It takes her a long time to fall (causing Alice to wonder if she’ll pop out on the other side of the world eventually), and when she reaches the bottom, she finds herself in a dark hallway with a small door that is too small for her to go through. She manages to shrink herself by drinking from a mysterious bottle that says “Drink Me,” but she forgets the key to the door on the table above her, so she has to make herself bigger by eating cake from a box labeled “Eat Me.” When Alice is big, she cries so much, worrying that she is no longer herself but someone else she would rather not be because so many strange things are happening, that she makes a sea of tears, and when she is small again, she has to swim.

She meets a mouse, who swims to shore with her, where they meet a bunch of other animals (including the Dodo), who all seem somehow familiar to Alice (probably because they’re all parodies of people Dodgson and the Liddells knew – A Lory (type of parrot) argues with Alice and tells her that it’s older than she is and “must know better” than she does – possibly another reference to Alice’s older sister Lorina).

Alice and all of the animals are wet, so they try to dry themselves. The Mouse begins telling a very dry history of England (ha, ha), but that’s not good enough. The Dodo suggests that they have a Caucus-race (Alice’s childish misunderstanding of certain words and concepts leads to some of the jokes and puns in the story) to dry themselves out, and they all start running in a circle. After awhile, they all stop, and since there is no obvious winner, the Dodo decides that everyone has won and that everyone should receive a prize. Alice gives all the animals pieces of candy from her pocket. Alice’s prize is her own thimble, which is the only other thing she has in her pocket.

The Mouse starts to tell a story about why it hates dogs and cats, but it gives up when Alice doesn’t pay attention and becomes confused. Then, Alice makes the mistake of mentioning her pet cat and how it likes to chase mice and birds, and all of the other animals become offended and leave. However, the White Rabbit appears and, apparently mistaking Alice for his maid, asks her to bring him his gloves and fan. Alice goes into his house to look for them. Finding another bottle like the first one, she drinks it and becomes so big that she gets stuck in the house. The White Rabbit and his friend, Bill the Lizard, become alarmed at her large arm sticking out of the window and talk about burning the house down. They throw pebbles at Alice which turn into cakes, and Alice eats them to become smaller.

Alice makes her escape from the house, distracting a puppy much larger than she is by throwing a stick, and meets a caterpillar, who is sitting on a mushroom and smoking a hookah. The Caterpillar asks her to explain herself, but Alice says that she can’t because she isn’t really herself. Alice tells him that she keeps changes sizes and can’t remember things that she thinks she should remember. The Caterpillar asks her to recite the poem about Father William, and Alice recites Carroll’s parody version instead of the original poem. The Caterpillar agrees that Alice said the poem wrong. He asks Alice what size she would like to be and gets offended when Alice says that being only three inches tall is awful because that is the Caterpillar’s height. However, he does tell Alice that one side of the mushroom will make her taller and the other will make her shorter, not explaining which is which. Alice experiments with bits of mushroom until she finally becomes her normal size again. She keeps the mushroom pieces so that she can change size again, if she needs to. (Has anyone ever made a video game version of Alice in Wonderland where the player, as Alice, has to become bigger or smaller to get through different levels? If no one has, I think someone should.)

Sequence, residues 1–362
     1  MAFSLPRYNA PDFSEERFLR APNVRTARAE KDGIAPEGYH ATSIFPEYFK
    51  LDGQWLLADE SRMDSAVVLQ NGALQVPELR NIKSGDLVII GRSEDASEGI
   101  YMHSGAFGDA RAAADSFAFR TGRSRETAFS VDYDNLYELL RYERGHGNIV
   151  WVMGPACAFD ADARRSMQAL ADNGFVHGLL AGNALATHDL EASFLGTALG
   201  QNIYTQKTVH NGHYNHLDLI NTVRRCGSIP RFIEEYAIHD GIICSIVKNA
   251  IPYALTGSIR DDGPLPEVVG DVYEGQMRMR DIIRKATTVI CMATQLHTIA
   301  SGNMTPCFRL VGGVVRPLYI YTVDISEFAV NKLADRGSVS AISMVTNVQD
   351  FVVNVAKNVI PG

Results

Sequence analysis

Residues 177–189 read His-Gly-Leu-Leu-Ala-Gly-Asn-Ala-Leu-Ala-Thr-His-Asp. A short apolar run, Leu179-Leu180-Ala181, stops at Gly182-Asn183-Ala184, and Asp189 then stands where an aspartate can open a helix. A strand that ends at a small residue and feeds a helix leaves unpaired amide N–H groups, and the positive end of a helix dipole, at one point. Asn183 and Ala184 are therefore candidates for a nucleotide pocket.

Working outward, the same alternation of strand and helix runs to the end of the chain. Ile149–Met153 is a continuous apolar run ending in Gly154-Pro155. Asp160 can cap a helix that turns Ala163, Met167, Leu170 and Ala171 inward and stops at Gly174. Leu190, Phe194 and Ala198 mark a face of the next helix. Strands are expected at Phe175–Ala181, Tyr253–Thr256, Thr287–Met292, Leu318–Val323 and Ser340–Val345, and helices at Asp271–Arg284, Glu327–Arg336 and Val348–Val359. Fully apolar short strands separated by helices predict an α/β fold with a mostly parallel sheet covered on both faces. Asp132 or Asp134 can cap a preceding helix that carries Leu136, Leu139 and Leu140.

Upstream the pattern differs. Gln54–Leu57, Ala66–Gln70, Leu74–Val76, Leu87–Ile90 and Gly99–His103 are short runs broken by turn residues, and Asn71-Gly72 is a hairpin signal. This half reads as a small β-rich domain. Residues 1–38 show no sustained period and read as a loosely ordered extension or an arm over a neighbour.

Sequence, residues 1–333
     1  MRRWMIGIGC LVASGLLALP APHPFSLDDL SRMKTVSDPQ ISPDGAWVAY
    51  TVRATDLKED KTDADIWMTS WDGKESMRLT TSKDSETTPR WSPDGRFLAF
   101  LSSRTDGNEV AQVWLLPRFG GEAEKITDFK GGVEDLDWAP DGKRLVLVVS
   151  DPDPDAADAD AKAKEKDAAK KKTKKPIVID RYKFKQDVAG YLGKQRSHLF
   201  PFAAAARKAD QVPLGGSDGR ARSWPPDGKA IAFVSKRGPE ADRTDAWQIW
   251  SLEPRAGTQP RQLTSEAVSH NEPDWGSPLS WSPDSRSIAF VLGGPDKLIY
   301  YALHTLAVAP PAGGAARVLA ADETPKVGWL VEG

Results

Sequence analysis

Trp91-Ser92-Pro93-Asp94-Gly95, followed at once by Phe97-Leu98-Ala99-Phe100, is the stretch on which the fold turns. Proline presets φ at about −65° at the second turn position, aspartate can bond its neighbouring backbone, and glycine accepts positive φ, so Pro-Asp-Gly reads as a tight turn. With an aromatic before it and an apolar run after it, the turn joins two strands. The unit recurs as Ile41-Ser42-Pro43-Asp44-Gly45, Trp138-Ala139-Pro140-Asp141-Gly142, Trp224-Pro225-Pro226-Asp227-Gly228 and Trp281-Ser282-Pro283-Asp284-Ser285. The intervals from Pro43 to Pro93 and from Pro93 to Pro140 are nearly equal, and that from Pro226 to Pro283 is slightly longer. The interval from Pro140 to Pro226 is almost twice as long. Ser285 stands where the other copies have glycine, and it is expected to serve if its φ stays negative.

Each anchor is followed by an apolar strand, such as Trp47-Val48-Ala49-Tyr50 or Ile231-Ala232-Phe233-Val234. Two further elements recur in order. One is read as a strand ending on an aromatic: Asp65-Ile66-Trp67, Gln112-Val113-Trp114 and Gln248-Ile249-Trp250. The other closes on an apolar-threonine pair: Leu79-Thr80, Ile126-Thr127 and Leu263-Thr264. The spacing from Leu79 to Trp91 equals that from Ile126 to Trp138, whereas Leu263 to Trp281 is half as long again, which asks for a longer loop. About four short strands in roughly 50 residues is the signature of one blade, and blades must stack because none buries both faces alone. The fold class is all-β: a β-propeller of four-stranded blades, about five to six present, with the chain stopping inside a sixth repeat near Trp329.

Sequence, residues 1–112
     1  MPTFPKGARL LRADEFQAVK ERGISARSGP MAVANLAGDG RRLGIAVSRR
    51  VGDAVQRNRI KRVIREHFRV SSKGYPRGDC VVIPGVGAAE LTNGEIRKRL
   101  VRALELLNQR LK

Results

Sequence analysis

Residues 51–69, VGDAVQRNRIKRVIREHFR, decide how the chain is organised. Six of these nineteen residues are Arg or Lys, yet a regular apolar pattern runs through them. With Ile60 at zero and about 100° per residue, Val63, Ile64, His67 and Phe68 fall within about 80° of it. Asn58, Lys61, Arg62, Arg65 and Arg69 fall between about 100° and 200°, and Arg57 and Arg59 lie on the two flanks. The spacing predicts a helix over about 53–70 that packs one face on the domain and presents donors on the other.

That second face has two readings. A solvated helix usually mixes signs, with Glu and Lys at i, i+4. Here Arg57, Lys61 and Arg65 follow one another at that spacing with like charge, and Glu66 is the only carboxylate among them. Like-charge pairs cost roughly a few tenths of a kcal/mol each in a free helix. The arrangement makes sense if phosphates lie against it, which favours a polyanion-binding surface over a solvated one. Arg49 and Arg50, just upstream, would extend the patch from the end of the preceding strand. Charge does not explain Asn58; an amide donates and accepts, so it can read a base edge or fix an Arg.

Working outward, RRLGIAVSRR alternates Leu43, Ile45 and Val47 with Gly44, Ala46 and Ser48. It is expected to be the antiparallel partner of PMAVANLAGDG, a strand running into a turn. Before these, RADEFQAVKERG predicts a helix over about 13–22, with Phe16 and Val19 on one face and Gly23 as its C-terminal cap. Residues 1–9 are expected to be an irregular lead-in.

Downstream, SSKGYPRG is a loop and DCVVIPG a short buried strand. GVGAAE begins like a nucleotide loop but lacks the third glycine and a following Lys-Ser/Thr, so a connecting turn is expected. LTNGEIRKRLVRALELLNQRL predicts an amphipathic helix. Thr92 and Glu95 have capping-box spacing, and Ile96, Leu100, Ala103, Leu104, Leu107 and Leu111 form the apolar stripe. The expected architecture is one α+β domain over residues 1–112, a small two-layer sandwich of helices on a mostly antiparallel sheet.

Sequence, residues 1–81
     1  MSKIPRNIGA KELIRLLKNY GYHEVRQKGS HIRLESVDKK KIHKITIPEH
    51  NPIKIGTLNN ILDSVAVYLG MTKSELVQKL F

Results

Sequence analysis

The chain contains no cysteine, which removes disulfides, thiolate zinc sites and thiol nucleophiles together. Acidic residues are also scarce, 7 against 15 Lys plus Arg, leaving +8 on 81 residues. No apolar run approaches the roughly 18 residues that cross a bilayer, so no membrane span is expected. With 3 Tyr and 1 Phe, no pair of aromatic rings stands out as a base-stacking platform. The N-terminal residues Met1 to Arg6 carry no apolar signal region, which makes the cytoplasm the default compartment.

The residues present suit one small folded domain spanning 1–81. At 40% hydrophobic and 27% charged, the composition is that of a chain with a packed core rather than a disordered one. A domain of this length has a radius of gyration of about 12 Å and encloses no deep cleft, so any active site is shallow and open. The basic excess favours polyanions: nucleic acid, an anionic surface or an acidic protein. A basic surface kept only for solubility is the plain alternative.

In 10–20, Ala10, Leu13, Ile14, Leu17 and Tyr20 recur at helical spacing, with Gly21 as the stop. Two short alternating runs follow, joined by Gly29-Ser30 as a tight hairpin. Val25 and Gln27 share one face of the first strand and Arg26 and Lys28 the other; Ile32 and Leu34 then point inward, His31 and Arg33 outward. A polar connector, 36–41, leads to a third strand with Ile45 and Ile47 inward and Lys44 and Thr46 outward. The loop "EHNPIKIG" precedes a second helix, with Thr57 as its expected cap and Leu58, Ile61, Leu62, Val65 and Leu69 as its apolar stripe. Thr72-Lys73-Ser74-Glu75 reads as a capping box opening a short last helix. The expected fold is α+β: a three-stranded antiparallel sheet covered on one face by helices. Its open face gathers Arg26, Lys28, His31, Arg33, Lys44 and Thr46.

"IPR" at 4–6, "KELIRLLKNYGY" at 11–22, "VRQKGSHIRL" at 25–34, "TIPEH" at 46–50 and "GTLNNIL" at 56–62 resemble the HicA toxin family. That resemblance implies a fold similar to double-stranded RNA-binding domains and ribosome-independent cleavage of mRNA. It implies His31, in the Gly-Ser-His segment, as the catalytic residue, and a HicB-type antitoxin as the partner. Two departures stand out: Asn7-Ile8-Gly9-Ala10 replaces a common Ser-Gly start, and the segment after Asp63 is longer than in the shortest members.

Alice soon makes herself small again so that she can go into a little house. Alice speaks to the footman of the house, who has just accepted an invitation for the Duchess to join the Queen for croquet. The footman rambles on about how there’s no use in Alice knocking because they’re both on the same side of the door and everyone inside is making too much noise to hear her. Not getting any straight answers about whether or not she’s allowed to go inside, Alice decides that the footman is an idiot and just lets herself in. The Duchess is sitting inside with a baby while her cook makes pepper soup. The Duchess’s cat, the Cheshire Cat, grins at Alice in a strange way. (The Cheshire cat comes from an expression that was popular in the 19th century – “grinning like a Cheshire cat” – although the origins of the phrase are uncertain. The Cheshire Cat wasn’t actually in the original version of the story.) Alice becomes alarmed when the cook begins throwing things at the Duchess and the baby, but the Duchess tells her to mind her own business. The Duchess is rough with the baby and throws it. Alice catches it and takes it away, worrying that the Duchess might kill it, but the baby turns into a pig, and Alice has to let it go. Alice thinks that it would have been a very ugly child and is better off as pig, which reminds her of other children she knows. (Ouch.)